Tuesday, October 7, 2008

Shaping the evolution of cryptology

The late CAPT George P. McGinnis, who served with distinction in World War II and helped lay the foundation upon which cryptologic work was conducted during the Cold War, has been nominated for induction into the National Security Agency/Central Security Service Hall of Honor at the National Cryptologic Museum in Washington, DC.

“George McGinnis was a remarkable man, a true American patriot, and a great personal friend to many of us in the cryptologic and information warfare community,” said RADM Edward H. Deets III, vice commander at Naval Network Warfare Command. “As one of the pioneers who helped shape the evolution of naval cryptology, Captain McGinnis deserves much of the credit for our success. His significant and lasting contributions to the security of the United States uniquely qualify him for this honor, and his selection would be a most fitting tribute.”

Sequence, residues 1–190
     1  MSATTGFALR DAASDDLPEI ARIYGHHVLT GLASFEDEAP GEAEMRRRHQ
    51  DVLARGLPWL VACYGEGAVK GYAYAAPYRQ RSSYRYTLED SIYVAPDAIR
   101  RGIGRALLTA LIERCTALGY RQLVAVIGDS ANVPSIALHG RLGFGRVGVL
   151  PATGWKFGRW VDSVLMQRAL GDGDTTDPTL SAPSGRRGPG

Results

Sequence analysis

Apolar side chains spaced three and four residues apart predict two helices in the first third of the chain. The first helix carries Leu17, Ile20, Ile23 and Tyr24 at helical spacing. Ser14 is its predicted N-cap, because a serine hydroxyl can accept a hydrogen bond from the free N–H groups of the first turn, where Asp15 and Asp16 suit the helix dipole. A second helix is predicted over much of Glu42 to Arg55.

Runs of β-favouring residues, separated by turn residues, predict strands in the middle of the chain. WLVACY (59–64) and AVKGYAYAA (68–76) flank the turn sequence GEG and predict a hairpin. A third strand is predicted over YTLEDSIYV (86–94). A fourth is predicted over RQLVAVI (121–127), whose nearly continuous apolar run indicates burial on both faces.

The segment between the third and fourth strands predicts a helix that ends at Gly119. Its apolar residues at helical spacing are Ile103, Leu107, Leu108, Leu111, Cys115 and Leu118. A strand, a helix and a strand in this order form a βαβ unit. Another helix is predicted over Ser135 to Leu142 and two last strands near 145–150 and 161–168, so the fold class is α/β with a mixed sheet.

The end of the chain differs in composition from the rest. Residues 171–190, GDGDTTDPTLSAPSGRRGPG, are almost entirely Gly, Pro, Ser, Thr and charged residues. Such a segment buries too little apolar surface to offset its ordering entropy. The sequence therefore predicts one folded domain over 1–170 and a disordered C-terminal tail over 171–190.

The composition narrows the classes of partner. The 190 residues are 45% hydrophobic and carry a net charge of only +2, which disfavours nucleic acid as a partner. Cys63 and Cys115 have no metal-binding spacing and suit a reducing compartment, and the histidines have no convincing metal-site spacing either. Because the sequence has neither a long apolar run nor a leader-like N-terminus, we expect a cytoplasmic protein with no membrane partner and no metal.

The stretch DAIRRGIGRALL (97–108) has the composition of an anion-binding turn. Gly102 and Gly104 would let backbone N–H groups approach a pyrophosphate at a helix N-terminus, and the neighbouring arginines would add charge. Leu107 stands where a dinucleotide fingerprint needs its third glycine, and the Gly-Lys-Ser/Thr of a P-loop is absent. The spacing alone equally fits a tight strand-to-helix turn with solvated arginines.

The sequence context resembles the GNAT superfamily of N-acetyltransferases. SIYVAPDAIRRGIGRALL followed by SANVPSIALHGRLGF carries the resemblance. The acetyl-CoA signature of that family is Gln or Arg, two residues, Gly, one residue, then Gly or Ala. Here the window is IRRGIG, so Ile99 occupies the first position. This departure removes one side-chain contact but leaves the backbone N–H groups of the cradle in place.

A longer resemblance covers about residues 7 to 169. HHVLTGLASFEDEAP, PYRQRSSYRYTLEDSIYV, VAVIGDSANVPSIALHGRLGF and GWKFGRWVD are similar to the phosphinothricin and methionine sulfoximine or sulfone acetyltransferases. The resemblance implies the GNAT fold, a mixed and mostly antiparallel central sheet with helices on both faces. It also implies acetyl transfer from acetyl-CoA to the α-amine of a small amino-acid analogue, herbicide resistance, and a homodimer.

Born on May 11, 1919, in Iowa Park, TX, McGinnis was commissioned in the Naval Reserve in 1942 and was called to active duty shortly thereafter. He then completed postgraduate studies in electronics at Bowdoin College, Johns Hopkins University, the Massachusetts Institute of Technology and Harvard University. He was also the first cryptologic officer to graduate from the Naval War College.

He passed away on October 11, 2006.

Taken from INFO DOMAIN Magazine on the VERY MUCH IMPROVED -
Naval Network Warfare Command website

1 comment:

Anonymous said...

Agree. Captain Mac was an awesome cryptologist and CO. Served with him at Corry Station a long long time ago.

CTRC Smith, USN, retired